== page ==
Information Exploration System for Sickle Cell Disease and Repurposing of Hydroxyfasudil
KAUST DepartmentComputational Bioscience Research Center (CBRC)
Computer, Electrical and Mathematical Sciences and Engineering (CEMSE) Division
MetadataShow full item record
AbstractBackground:Sickle cell disease (SCD) is a fatal monogenic disorder with no effective cure and thus high rates of morbidity and sequelae. Efforts toward discovery of disease modifying drugs and curative strategies can be augmented by leveraging the plethora of information contained in available biomedical literature. To facilitate research in this direction we have developed a resource, Dragon Exploration System for Sickle Cell Disease (DESSCD) (http://cbrc.kaust.edu.sa/desscd/) that aims to promote the easy exploration of SCD-related data.Description:The Dragon Exploration System (DES), developed based on text mining and complemented by data mining, processed 419,612 MEDLINE abstracts retrieved from a PubMed query using SCD-related keywords. The processed SCD-related data has been made available via the DESSCD web query interface that enables: a/information retrieval using specified concepts, keywords and phrases, and b/the generation of inferred association networks and hypotheses. The usefulness of the system is demonstrated by: a/reproducing a known scientific fact, the "Sickle_Cell_Anemia-Hydroxyurea" association, and b/generating novel and plausible "Sickle_Cell_Anemia-Hydroxyfasudil" hypothesis. A PCT patent (PCT/US12/55042) has been filed for the latter drug repurposing for SCD treatment.Conclusion:We developed the DESSCD resource dedicated to exploration of text-mined and data-mined information about SCD. No similar SCD-related resource exists. Thus, we anticipate that DESSCD will serve as a valuable tool for physicians and researchers interested in SCD. © 2013 Essack et al.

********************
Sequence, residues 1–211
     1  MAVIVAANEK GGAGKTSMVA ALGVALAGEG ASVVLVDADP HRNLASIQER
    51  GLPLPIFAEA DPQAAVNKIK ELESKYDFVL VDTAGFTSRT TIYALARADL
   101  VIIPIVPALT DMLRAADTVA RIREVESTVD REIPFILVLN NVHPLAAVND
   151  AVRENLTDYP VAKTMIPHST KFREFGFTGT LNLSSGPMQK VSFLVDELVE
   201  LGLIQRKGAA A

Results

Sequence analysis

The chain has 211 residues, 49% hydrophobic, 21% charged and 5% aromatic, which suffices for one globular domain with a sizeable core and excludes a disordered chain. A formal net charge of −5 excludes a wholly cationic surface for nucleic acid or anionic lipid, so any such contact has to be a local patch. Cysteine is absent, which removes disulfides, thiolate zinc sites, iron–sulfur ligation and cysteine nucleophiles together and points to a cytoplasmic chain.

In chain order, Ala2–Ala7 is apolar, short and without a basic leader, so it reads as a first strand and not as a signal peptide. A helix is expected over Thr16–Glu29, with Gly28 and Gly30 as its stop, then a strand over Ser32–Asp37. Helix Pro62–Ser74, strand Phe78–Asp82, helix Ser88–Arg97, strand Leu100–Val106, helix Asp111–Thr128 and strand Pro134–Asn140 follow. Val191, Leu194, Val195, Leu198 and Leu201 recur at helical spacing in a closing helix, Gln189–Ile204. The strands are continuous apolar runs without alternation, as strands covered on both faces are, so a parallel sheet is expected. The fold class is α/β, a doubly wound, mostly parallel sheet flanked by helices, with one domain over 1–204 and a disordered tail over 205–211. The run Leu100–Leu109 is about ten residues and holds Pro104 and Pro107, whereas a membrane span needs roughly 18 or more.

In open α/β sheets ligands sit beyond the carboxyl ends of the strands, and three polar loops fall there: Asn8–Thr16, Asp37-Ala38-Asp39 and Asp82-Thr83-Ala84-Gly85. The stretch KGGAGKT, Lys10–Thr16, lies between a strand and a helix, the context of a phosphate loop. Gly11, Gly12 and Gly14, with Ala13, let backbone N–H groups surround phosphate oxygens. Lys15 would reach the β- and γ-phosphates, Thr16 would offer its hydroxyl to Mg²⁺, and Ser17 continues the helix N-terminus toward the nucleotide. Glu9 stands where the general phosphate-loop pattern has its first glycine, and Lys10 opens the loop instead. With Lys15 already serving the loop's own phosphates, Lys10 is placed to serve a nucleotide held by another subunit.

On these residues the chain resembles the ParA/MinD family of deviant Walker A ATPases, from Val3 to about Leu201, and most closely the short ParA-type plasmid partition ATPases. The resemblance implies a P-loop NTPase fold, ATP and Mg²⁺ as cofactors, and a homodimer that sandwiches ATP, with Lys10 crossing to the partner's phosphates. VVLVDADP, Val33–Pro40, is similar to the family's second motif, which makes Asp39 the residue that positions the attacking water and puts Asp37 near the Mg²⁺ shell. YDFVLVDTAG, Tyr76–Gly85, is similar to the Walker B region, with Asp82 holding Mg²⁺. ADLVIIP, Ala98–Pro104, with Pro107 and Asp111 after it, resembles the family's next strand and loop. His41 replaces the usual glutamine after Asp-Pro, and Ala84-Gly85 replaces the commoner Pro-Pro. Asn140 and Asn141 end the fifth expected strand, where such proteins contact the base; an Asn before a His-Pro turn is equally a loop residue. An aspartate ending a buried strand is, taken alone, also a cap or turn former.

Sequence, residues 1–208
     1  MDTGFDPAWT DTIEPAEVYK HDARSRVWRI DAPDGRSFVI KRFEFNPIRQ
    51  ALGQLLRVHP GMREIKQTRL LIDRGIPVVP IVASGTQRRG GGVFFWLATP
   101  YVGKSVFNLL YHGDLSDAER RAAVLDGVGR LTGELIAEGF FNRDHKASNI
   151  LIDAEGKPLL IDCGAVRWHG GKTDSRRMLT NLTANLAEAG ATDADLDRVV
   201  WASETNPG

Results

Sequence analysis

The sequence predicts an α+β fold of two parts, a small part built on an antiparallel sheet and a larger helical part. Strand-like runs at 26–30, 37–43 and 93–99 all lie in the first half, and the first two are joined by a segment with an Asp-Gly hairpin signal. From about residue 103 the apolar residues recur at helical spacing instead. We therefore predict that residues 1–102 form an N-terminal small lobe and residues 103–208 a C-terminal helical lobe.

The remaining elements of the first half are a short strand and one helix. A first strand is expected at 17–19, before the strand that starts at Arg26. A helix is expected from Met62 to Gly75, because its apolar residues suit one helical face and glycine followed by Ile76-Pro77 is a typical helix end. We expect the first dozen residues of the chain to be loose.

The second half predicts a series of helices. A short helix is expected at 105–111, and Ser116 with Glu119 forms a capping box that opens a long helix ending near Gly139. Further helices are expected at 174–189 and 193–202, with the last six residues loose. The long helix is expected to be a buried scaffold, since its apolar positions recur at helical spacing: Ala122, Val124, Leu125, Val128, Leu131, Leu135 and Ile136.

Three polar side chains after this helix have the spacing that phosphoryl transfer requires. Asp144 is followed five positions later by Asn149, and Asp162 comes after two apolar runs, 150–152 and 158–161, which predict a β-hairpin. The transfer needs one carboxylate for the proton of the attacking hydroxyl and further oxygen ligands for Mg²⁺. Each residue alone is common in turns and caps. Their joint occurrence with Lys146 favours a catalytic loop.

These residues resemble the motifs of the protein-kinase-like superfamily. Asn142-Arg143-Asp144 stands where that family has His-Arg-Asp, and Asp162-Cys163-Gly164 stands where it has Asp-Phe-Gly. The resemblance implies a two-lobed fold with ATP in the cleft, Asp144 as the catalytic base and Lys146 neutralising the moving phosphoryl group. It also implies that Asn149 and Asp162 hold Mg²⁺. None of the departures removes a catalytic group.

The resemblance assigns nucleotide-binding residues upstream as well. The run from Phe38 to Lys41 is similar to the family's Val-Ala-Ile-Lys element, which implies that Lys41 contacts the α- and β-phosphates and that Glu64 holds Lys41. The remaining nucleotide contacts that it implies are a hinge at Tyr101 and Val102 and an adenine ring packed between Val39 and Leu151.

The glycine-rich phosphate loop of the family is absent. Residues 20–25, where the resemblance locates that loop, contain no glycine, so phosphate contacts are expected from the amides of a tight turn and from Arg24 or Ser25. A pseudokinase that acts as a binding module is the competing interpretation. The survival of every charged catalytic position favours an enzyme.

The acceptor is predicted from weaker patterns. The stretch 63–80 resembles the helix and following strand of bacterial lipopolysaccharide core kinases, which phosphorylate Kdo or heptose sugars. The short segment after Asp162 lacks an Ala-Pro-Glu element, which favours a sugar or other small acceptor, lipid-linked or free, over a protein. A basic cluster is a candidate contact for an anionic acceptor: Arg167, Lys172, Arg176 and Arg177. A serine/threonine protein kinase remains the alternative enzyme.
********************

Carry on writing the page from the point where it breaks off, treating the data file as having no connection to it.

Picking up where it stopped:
CitationEssack M, Radovanovic A, Bajic VB (2013) Information Exploration System for Sickle Cell Disease and Repurposing of Hydroxyfasudil. PLoS ONE 8: e65190. doi:10.1371/journal.pone.0065190.
PublisherPublic Library of Science (PLoS)
PubMed Central IDPMC3677893
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